Since its inception, Save Lea Marshes has banged on the LVRPA’s door and asked to join conversations about how the marshes are managed. Our entreaties have, largely, gone unheard. And then we discovered that the LVRPA was consulting on its draft Biodiversity Action Plan (https://www.leevalleypark.
Firstly, we welcome the opportunity for local people to comment on the Lee Valley Regional Park Authority’s plans relating to biodiversity, as this is something that has not happened as much as we would have liked in the past. There are, however, a number of issues with the plan as it currently stands. These are as follows:
1. This ‘plan’ contains many words describing the historical context and the current situation and very few words explaining exactly what you are planning to do. It is also missing all the maps. And without a clear understanding of exactly what you are planning to do – what your vision is and how you intend to move from the here and now towards that vision – it is almost impossible to provide cogent feedback (or, I would have thought, create SMART targets). The devil is in the detail, and we simply do not have the detail to comment on. To take just two examples:
- You state that you want the community involved, but you do not mention how you intend to do this. As a group that represents the local community, we wanted to be able to comment on how likely your actions are to succeed, but we do not know what they are.
- You state, ‘This species [creeping marshwort] will benefit from special management aiming to increase its cover, prevent it from being ousted by more vigorous competition and buffer it from extreme changes in water levels.’ Again, we might have been able to comment on the effectiveness – or otherwise – of your proposals for managing this species if you had provided them.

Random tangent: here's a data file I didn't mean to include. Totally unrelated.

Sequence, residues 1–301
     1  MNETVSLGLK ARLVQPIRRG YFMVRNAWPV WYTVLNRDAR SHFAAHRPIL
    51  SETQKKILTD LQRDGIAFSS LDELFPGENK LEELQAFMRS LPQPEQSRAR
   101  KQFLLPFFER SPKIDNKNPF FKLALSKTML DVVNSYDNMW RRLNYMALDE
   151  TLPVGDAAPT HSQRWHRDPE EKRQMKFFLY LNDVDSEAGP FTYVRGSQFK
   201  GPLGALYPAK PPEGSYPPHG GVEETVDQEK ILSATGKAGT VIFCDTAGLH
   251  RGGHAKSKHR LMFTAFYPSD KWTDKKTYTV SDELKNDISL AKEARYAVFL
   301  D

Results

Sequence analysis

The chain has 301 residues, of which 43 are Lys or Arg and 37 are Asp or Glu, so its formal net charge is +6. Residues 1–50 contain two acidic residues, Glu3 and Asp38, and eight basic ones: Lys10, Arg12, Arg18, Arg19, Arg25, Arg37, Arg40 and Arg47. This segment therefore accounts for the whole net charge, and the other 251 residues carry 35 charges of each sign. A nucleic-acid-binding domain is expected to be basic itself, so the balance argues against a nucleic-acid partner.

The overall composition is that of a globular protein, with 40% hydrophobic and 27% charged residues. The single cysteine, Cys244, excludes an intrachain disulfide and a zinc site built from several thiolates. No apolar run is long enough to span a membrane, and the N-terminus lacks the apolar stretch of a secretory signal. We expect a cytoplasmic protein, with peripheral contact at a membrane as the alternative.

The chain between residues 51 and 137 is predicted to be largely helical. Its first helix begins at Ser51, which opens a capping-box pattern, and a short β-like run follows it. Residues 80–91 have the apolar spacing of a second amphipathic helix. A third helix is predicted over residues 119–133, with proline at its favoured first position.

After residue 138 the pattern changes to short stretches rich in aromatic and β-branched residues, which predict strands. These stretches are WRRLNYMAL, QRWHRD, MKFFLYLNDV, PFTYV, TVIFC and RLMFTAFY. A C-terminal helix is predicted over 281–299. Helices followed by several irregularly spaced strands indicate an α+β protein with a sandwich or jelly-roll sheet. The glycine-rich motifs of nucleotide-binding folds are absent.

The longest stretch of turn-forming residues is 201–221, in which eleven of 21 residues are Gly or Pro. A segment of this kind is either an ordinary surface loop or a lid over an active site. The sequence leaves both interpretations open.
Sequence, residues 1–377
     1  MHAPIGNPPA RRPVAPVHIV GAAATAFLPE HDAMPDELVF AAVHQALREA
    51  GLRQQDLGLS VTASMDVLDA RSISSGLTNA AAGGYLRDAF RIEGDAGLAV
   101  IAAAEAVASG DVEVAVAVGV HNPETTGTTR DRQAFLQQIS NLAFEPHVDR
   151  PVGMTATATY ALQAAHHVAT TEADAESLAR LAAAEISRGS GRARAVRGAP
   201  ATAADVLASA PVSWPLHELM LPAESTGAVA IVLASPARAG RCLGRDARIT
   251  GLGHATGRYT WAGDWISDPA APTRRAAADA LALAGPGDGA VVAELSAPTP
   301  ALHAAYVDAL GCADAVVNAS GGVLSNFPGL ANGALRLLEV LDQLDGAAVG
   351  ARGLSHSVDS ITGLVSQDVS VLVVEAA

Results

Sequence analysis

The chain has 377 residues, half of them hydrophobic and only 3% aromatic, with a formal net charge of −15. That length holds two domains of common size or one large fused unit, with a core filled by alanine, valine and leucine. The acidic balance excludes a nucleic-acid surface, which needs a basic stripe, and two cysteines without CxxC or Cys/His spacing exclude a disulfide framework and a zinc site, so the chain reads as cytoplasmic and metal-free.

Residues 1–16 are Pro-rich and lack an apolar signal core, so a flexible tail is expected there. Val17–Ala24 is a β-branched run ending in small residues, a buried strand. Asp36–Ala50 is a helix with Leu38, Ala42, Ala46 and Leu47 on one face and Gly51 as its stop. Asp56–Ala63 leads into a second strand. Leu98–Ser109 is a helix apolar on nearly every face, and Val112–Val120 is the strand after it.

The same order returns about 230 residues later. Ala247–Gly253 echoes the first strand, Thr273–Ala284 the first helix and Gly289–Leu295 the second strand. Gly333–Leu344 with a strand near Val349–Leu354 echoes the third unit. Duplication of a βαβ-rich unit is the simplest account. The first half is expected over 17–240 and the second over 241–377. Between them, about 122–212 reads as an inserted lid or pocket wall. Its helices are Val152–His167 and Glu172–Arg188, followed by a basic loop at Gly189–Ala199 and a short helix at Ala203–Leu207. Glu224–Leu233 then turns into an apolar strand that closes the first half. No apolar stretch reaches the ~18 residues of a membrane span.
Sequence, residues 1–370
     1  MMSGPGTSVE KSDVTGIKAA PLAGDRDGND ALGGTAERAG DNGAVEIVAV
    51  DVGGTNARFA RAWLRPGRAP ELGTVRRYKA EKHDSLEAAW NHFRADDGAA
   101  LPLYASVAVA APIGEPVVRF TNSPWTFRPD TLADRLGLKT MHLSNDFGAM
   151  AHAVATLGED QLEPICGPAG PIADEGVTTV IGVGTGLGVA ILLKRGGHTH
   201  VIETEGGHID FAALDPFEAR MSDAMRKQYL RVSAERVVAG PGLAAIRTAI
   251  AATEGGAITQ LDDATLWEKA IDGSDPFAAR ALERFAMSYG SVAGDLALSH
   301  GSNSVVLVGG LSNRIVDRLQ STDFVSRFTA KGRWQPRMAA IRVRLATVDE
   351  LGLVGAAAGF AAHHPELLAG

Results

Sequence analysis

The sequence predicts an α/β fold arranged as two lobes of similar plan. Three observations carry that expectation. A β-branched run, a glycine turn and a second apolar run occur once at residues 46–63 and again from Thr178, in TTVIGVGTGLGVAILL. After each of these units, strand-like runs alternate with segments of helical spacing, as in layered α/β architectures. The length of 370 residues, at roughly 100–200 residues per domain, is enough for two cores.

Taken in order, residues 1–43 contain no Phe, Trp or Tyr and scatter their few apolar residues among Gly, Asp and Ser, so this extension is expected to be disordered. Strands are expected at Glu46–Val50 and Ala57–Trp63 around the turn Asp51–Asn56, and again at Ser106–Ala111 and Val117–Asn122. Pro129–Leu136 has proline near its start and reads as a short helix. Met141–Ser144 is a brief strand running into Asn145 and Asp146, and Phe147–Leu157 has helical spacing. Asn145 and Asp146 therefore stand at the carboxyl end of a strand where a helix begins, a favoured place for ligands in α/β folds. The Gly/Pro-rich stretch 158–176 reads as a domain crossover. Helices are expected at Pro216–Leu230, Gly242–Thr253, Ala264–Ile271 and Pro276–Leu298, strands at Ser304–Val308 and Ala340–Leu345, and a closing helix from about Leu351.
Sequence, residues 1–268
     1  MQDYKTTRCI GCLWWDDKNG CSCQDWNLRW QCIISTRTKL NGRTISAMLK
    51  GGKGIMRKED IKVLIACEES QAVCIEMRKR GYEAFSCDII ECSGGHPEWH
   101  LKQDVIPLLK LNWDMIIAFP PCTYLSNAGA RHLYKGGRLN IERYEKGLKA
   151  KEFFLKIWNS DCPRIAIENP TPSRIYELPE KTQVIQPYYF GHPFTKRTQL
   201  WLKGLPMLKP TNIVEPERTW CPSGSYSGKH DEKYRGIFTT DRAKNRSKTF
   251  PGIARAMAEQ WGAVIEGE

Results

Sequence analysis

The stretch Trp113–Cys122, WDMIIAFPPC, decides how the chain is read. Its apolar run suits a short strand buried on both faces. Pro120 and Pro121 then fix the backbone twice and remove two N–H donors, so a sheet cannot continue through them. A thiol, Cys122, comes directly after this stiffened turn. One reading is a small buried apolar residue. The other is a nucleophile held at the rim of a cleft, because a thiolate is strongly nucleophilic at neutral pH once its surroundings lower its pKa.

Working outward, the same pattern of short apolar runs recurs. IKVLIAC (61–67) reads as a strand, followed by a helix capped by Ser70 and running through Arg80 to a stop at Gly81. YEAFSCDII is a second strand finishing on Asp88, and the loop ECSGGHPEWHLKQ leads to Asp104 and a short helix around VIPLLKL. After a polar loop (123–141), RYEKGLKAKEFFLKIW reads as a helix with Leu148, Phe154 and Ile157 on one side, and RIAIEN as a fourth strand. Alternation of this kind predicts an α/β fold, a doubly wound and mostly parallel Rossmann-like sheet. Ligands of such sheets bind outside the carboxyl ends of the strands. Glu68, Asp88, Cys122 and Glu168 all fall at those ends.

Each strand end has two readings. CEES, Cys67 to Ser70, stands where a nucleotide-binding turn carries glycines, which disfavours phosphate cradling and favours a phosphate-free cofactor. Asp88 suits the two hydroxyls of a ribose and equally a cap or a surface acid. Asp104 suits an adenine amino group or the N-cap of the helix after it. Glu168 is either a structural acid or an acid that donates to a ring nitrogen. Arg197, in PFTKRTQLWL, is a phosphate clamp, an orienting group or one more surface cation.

2. This plan does not explain how you intend to uphold the values of the biodiversity action plan in the face of conflicting pressures from other parts of the LVRPA. How will biodiversity be protected from, for example, plans to hold events on land managed as meadow or plans to sell off large swathes of green space for development?
3. It was challenging to determine why you have chosen to focus on the species and habitats you include in the plan. What is your rationale for including them? Your starting point, in most cases, seems to be to understand current distribution, but surely you already have such information to justify the inclusion of a species or a habitat? If not, would it not be worth taking a further step back and examining the diversity of species and habitats across areas of the park first, and then deciding which need their own action plans? If you do have such information, we would have liked to see it in the plan. Similarly, there is very little mention of the conservation status of the species and habitats that you mention, making it challenging for a lay person to determine whether or not your priorities should be challenged. For example, Barbel has been included because it is a good species to engage fishermen and the general public, whereas the European Eel – which you acknowledge is globally red-listed and is, from a conservation point of view, much more important – is not a priority for you.
4. This plan lacks a commitment to manage invasive non-native species without recourse to spraying pesticides and herbicides.
Save Lea Marshes would welcome further and fuller opportunities to engage in a meaningful way in developing a robust biodiversity action plan, that puts biodiversity and the protection and celebration of nature at the heart of the Lee Valley Regional Park’s vision, and look forward to hearing from you.